Recently, I’ve been writing short stories for a company called Chapter One. You can find my stories on the Chapter One website, in the Global Free Library section, which is an online collection of stories and materials that celebrate the world’s diversity.
One of the stories I wrote for Chapter One is called “Purim Panic,” and since it’s Purim, I figured it’d be a good idea to mention it.
“Purim Panic” was illustrated by the wonderful David Concepcion, and you can read it right HERE.
I’ve also made short videos for all of the Chapter One stories I’ve written. In these videos, I explain what inspired me to write the story in question. You can see the “Purim Panic” video once you scroll down after reading the story of the same name. But you can also see the “Purim Panic” video right here:
Recently, I wrote a short story called “It’s Hard To Be A Food Critic Who’s Also A Sin-Eater!”
It was published in an anthology called Grandpa’s Deep-Space Diner, which is out now!
The book was edited by Jessica Augustsson and published by the folks at JayHenge Publishing.
As you might be able to tell from the title, “It’s Hard to Be…” is about a food critic who’s also a sin-eater. The story is written as a restaurant review.
Hope you enjoy it!
Grandpa’s Deep-Space Diner is a collection of food-related sci-fi and speculative fiction.
Here’s how Jessica describes the book:
“My grandpa had a drive-in diner in Rupert, Idaho in the 60s called Chuck’s In-and-Out. It was well known and all the kids went there. My aunt served the burgers (sans roller-skates—Grandma put a stop to that notion!) and Grandma made the best french fry sauce in the galaxy. Grandpa taught me that food, from the production to the preparation to the partaking, could be a simple personal pleasure or a means of bringing groups together in a shared meal. From growing produce in a magical garden, to serving up an exotic burger in an interstellar mall, join us in the delightful, delectable, and sometimes dismal flavors of these speculative fiction food stories!”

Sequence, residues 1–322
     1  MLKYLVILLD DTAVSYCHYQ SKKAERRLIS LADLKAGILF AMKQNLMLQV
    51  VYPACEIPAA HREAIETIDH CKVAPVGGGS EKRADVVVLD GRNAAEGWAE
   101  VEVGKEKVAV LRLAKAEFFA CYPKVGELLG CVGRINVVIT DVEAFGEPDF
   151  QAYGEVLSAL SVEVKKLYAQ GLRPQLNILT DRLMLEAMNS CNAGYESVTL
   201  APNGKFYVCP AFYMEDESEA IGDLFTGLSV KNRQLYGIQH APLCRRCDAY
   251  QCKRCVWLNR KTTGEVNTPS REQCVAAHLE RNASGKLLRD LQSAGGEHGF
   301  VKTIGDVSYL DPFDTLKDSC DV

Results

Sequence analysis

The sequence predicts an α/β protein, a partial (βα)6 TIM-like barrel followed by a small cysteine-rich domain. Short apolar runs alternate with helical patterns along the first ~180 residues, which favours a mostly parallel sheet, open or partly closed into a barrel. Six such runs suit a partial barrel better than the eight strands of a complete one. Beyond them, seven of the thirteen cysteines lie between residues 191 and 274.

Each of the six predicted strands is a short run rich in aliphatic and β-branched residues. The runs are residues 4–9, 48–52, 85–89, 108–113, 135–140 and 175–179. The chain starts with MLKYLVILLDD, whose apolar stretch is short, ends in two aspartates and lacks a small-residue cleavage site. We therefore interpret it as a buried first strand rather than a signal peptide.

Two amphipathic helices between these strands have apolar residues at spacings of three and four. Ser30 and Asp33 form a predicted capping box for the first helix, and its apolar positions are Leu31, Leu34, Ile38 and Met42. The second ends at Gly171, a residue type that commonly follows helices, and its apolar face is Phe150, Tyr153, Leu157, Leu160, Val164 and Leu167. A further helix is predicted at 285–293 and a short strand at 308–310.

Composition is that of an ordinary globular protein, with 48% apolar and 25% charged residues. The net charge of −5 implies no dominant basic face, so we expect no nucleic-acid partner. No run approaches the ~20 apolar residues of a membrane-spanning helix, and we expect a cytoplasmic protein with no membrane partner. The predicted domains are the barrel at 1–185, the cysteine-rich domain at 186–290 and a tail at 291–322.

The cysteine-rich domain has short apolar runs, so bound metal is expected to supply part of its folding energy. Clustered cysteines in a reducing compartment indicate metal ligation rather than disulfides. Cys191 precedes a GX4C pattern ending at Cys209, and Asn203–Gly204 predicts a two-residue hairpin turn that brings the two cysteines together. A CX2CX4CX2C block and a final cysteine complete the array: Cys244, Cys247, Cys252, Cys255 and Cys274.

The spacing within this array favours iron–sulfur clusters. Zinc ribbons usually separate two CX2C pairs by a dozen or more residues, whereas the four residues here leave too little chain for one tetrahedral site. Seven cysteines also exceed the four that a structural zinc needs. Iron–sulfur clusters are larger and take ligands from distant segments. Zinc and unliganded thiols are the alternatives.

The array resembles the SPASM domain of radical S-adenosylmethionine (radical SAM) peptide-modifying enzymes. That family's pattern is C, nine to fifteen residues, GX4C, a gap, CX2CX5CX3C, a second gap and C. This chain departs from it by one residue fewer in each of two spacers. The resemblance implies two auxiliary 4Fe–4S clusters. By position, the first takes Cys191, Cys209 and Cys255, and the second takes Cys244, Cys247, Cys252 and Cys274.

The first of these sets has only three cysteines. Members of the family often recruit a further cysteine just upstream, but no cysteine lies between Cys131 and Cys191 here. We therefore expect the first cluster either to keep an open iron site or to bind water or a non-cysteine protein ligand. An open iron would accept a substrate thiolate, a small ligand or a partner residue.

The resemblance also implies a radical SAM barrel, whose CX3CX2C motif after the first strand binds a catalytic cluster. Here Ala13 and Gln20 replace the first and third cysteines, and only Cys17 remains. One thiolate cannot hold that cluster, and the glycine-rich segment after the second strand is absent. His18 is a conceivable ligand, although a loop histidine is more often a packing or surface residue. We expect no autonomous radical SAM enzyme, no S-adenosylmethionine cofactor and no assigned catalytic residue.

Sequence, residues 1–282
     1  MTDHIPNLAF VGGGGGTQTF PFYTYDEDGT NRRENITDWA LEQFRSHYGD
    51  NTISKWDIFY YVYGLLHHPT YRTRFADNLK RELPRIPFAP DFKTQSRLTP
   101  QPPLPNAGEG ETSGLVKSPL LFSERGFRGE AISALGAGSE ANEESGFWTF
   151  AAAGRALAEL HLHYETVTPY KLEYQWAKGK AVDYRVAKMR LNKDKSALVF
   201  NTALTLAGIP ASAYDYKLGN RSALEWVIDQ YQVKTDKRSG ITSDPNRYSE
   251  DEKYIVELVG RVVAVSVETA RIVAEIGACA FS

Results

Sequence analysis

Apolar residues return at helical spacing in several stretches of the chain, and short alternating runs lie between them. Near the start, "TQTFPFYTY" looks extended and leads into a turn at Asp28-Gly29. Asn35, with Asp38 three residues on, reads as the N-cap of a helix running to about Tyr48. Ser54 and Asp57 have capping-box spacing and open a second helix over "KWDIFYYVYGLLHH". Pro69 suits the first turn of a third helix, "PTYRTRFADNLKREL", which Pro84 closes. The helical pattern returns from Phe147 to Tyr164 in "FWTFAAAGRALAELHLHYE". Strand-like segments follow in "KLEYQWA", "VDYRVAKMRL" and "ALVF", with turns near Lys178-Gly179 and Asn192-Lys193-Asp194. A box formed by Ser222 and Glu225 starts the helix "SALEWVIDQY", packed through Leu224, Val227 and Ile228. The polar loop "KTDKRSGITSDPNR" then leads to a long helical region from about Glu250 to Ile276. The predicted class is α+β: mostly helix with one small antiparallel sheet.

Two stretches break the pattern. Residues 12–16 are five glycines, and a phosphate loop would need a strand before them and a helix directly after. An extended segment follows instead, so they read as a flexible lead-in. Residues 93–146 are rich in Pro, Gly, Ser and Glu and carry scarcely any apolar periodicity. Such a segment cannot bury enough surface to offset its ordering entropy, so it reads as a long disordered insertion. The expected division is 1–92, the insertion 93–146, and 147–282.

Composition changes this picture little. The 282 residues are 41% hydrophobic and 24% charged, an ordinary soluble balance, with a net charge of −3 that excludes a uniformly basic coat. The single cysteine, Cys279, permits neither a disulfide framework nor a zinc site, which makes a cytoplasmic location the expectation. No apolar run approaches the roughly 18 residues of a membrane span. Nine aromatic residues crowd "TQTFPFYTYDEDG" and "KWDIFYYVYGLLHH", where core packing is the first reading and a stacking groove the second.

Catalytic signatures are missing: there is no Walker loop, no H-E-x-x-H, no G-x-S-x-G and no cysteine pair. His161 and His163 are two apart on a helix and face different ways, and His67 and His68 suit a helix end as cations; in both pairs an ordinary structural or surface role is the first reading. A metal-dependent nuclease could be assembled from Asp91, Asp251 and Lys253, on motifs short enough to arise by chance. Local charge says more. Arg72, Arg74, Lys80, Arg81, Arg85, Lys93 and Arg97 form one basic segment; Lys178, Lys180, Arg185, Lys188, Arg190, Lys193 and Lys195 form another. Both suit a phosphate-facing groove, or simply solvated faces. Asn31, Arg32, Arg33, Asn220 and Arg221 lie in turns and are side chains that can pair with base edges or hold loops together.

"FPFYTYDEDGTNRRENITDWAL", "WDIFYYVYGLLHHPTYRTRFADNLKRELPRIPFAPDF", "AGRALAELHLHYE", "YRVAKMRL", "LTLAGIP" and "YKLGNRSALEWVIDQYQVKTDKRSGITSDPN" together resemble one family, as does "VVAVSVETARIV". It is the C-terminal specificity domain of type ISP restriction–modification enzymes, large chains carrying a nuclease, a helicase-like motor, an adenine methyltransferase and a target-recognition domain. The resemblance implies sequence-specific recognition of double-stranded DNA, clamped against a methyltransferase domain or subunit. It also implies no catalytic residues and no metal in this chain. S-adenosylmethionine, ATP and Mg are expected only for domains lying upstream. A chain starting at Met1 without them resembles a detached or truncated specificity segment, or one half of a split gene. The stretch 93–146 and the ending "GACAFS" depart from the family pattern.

When I was a very young child, I thought The Count (from Sesame Street) was Jewish because he talked like my maternal grandmother.
When my daughter Aviya was a baby, I used to hold her horizontally and pretend she was a tommy gun and that I was using her to obliterate mobsters in the 1920s. See, her legs were the butt of the gun, and her arms were the trigger, and um…Please don’t call Child Protective Services.
One time, I formed a boy band with some of my fellow MAD Magazine writers. (Well, more of a “man band,” because we were all adults…technically.) We assigned roles to everyone, because the people in boy bands always have roles, e.g. the leader, the romantic one, the cute one, etc. My role? The sexy weirdo.
According to my wife Nadine, the other day I talked in my sleep. I got up (still asleep), stood by the foot of the bed, and yelled, “There should be more comedy concerts!” And I’d just like to say: Sorry, sleepwalking-and-sleeptalking Arie, there’s still a pandemic going on. So there are limits on live indoor entertainment for now!
Speaking of the pandemic, one of the things I’ve missed about the pandemic is attending comic book conventions in person. One thing I don’t miss? Being asked by random strangers whether I was cosplaying as Rick Moranis in Ghostbusters, which honestly has happened too many times for me to count. For the record: No, not cosplaying as anyone. This is just what I look like.